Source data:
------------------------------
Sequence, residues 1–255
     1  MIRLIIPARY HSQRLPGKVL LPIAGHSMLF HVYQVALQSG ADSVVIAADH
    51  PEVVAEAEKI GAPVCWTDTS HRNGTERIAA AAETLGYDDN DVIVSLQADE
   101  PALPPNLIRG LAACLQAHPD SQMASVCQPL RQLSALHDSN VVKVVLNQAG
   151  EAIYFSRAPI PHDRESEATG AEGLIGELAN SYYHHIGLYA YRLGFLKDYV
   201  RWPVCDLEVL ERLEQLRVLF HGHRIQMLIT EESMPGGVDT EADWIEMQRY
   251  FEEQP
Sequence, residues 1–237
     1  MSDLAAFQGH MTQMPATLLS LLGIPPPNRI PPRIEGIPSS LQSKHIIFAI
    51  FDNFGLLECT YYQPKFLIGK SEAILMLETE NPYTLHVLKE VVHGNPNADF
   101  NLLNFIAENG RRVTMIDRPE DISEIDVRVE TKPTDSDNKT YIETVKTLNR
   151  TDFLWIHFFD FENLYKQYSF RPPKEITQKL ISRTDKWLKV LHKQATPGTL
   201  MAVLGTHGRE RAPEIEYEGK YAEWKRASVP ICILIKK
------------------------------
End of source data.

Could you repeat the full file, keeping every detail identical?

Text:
Sequence, residues 1–255
     1  MIRLIIPARY HSQRLPGKVL LPIAGHSMLF HVYQVALQSG ADSVVIAADH
    51  PEVVAEAEKI GAPVCWTDTS HRNGTERIAA AAETLGYDDN DVIVSLQADE
   101  PALPPNLIRG LAACLQAHPD SQMASVCQPL RQLSALHDSN VVKVVLNQAG
   151  EAIYFSRAPI PHDRESEATG AEGLIGELAN SYYHHIGLYA YRLGFLKDYV
   201  RWPVCDLEVL ERLEQLRVLF HGHRIQMLIT EESMPGGVDT EADWIEMQRY
   251  FEEQP
Sequence, residues 1–237
     1  MSDLAAFQGH MTQMPATLLS LLGIPPPNRI PPRIEGIPSS LQSKHIIFAI
    51  FDNFGLLECT YYQPKFLIGK SEAILMLETE NPYTLHVLKE VVHGNPNADF
   101  NLLNFIAENG RRVTMIDRPE DISEIDVRVE TKPTDSDNKT YIETVKTLNR
   151  TDFLWIHFFD FENLYKQYSF RPPKEITQKL ISRTDKWLKV LHKQATPGTL
   201  MAVLGTHGRE RAPEIEYEGK YAEWKRASVP ICILIKK